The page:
From sharks to whales, giant clams, sea turtles, and tuna, the disproportionate threat to larger marine organisms reflects the “unique human propensity to cull the largest members of a population,” the authors write.
“What to us was surprising was that we did not see a similar kind of pattern in any of the previous mass extinction events that we studied,” said geoscientist Jonathan Payne of Stanford University, the study’s lead author. “So that indicated that there really is no good ecological analogue…this pattern has not happened before in the half billion years of the animal fossil record.”
The researchers conducted the work through a statistical analysis of 2,497 different marine animal groups at one taxonomic level higher than the level of species — called “genera.” And they found that increases in an organism’s body size were strongly linked to an increased risk of extinction in the present period — but that this was not the case in the Earth’s distant past.
Indeed, during the past 66 million years, there was actually a small link between smaller body sizes and going extinct, marking the present as a strong reversal. “The extreme bias against large-bodied animals distinguishes the modern diversity crisis from all potential deep-time analogs,” the researchers write.
The study also notes that on land, we’ve already seen the same pattern — and in fact, we saw it first. “Human hunting has been extensive for many thousands of years on land, whereas it’s been extensive for a couple of hundred years in the oceans,” says Payne.
Thus, humans already drove to extinction many land-based large animal species in what has been dubbed the Late Quaternary extinction event as the most recent ice age came to a close.
“These losses in the ocean are paralleling what humans did to land animals some 50,000 to 10,000 years ago, when we wiped out around half of the big-bodied mammal species on Earth, like mammoths, mastodons, saber-tooth cats and the like,” said Anthony Barnosky, executive director of Stanford Jasper Ridge Biological Preserve, who was not involved in the study but reviewed it for the Post. “As a result, terrestrial ecosystems were locked into a new trajectory that included local biodiversity loss over and above the loss of the large animals themselves, and changes in which kinds of plants dominated.”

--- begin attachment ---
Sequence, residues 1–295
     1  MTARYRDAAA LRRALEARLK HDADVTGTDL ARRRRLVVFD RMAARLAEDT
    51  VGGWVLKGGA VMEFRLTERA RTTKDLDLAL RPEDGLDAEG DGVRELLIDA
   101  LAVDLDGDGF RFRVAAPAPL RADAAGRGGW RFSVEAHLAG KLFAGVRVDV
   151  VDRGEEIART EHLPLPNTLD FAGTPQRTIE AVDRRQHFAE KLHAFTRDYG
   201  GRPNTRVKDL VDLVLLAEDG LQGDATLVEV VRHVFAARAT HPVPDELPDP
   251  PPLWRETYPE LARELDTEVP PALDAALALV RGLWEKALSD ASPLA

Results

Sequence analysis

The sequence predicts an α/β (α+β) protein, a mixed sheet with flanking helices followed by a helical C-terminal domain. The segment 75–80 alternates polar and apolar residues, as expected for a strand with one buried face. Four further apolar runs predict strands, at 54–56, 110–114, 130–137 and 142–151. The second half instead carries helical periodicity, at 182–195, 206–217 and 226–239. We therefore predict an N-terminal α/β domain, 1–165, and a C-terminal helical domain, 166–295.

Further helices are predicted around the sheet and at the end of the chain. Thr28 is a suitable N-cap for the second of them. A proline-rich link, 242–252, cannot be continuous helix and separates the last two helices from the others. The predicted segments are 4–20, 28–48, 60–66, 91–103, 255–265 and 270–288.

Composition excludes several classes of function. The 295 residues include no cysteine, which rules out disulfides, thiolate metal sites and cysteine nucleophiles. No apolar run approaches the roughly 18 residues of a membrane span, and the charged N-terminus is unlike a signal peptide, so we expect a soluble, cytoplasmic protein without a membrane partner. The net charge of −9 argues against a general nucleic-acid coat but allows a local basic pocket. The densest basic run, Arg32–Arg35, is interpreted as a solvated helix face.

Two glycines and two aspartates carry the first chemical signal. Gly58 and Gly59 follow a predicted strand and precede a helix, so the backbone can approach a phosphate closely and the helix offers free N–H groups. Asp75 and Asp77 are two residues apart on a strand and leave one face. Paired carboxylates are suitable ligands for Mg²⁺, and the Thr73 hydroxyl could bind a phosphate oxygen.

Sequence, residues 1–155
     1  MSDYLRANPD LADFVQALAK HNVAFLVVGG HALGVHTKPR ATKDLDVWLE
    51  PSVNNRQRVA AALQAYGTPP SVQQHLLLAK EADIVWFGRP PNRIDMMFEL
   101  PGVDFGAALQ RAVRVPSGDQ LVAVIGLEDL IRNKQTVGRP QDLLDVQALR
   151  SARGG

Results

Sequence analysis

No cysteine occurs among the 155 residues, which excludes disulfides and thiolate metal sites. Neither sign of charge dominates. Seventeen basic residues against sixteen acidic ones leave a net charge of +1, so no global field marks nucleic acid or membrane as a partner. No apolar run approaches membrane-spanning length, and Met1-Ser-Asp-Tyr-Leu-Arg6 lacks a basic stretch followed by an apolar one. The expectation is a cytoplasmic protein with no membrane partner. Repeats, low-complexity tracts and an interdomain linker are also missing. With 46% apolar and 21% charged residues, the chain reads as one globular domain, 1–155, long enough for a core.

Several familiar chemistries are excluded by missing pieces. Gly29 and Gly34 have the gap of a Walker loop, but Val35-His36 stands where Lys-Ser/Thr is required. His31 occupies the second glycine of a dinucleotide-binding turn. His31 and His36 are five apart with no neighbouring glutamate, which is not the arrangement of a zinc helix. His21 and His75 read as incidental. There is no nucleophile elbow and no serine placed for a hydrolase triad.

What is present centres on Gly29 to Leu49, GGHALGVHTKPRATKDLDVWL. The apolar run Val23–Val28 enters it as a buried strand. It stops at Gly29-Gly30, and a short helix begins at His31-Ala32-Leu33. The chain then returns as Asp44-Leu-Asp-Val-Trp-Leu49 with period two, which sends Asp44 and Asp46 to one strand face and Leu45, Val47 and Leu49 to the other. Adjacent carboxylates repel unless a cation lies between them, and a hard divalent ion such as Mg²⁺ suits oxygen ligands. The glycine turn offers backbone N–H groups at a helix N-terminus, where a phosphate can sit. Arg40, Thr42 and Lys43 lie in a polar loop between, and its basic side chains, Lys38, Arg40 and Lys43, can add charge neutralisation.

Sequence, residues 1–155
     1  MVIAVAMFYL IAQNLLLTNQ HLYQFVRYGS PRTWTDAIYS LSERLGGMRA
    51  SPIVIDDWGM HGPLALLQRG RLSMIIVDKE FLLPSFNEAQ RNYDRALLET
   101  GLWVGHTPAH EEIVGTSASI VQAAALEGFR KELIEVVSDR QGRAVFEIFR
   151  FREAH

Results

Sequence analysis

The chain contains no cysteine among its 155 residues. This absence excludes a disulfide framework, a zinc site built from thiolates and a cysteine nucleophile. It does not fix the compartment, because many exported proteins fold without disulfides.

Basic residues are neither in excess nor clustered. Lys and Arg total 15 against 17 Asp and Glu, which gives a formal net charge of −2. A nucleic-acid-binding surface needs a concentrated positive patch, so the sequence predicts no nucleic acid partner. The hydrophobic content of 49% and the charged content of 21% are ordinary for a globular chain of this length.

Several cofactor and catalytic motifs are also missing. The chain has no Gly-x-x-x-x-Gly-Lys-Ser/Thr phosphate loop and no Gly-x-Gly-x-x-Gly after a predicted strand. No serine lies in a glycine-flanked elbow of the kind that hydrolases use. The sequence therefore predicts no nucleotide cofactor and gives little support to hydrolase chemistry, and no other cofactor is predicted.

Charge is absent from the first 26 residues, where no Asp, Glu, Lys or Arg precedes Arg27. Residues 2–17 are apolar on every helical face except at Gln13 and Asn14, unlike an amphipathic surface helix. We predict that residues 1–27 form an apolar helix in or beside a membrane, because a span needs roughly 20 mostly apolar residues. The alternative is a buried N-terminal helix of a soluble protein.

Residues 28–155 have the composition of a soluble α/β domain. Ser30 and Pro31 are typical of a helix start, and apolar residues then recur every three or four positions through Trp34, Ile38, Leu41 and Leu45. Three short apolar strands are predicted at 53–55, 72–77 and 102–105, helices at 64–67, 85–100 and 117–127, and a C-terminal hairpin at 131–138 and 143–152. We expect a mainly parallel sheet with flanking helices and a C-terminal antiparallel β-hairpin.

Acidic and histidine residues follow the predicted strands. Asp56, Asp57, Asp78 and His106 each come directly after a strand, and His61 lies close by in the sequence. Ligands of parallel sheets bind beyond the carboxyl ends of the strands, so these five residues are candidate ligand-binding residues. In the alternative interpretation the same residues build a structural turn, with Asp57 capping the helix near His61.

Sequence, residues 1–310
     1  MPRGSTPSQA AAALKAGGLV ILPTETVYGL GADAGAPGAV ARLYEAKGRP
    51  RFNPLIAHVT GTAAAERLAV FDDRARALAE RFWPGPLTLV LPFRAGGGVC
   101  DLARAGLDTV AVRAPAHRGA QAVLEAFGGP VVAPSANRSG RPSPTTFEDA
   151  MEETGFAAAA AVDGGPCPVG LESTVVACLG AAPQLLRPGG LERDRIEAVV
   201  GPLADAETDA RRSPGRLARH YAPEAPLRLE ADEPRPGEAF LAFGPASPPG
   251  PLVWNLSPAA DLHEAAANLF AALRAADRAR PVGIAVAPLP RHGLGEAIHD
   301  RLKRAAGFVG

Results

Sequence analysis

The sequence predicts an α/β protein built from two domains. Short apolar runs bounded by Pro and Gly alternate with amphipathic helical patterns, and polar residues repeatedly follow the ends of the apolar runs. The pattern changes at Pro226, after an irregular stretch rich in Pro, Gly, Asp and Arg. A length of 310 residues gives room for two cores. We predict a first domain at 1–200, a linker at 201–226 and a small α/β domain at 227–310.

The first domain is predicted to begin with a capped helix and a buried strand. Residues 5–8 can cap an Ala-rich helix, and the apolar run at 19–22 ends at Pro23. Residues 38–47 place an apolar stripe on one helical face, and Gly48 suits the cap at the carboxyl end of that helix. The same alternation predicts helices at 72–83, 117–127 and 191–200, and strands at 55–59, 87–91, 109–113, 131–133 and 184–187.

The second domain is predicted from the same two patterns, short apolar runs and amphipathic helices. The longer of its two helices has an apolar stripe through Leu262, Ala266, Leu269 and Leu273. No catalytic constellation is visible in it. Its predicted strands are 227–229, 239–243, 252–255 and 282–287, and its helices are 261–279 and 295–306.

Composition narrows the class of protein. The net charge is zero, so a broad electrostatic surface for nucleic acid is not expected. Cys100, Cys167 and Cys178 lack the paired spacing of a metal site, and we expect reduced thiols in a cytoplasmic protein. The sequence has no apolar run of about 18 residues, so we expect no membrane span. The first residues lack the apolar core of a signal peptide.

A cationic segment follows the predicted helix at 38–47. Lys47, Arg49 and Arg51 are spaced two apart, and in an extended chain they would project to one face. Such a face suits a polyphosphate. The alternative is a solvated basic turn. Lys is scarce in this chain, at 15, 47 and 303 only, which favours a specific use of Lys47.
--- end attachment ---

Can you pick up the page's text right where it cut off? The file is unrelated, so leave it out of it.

Barnosky was the co-author of a study published last year that found an “exceptionally rapid loss of biodiversity over the last few centuries, indicating that a sixth mass extinction is already under way.”
A particular problem, says Payne, is that if you take out all the top predators, then the species they used to prey upon can run amok and explode in population, having large reverberating effects on the entire ecosystem.
“The preferential removal of the largest animals from the modern oceans, unprecedented in the history of animal life, may disrupt ecosystems for millions of years even at levels of taxonomic loss far below those of previous mass extinctions,” the authors write.
Interestingly, if climate change was the key driver of species losses, you’d expect to see a more evenly distributed set of risks to organisms.
“I’ve worked on the Permian mass extinction quite a bit, it shows environmental evidence of ocean warming, ocean acidification, and deoxygenation, the loss of oxygen from seawater,” says Payne. These are the very same threats to the oceans that we’re worried about now due to ongoing climate change. But the Permian extinction, some 250 million years ago, did not feature a selective disappearance of large-bodied organisms, Payne says.
Thus, as previous work has also suggested, the current study underscores that ecosystem risks are not being principally driven by a changing climate — yet. Rather, they’re being driven more directly by which species humans hunt and fish, and where they destroy ecosystems to build homes, farms, cities, and much more. But as climate change worsens, it will compound what’s already happening.
“The losses the authors describe in the oceans do not include the extinctions expected from business-as-usual climate change,” said Barnosky. “Adding those human-triggered losses onto those we’re already causing from over-fishing, pollution, and so on is very likely to put the human race in the same class as an asteroid strike–like the one that killed the dinosaurs–as an extinction driver.”
The study emerges even as the U.S. State Department prepares to open its third annual Our Ocean conference, where heads of state and ocean advocates convene to try to protect more and more of the oceans’ area from over-fishing and other forms of despoilment (and climate change). The study should only heighten the focus at that event.
But Payne says that, in a way, the research is heartening for those who care about ocean conservation – precisely because human-driven large animal extinctions in the sea are not as advanced as they are on land, there is still a huge amount of biological life that we can save.
“I talked to a couple of people who said they found this a very discouraging result,” Payne says. “I tend not to look at it that way. I think there are a lot of reasons to be optimistic about the oceans, because we haven’t impacted them much yet.”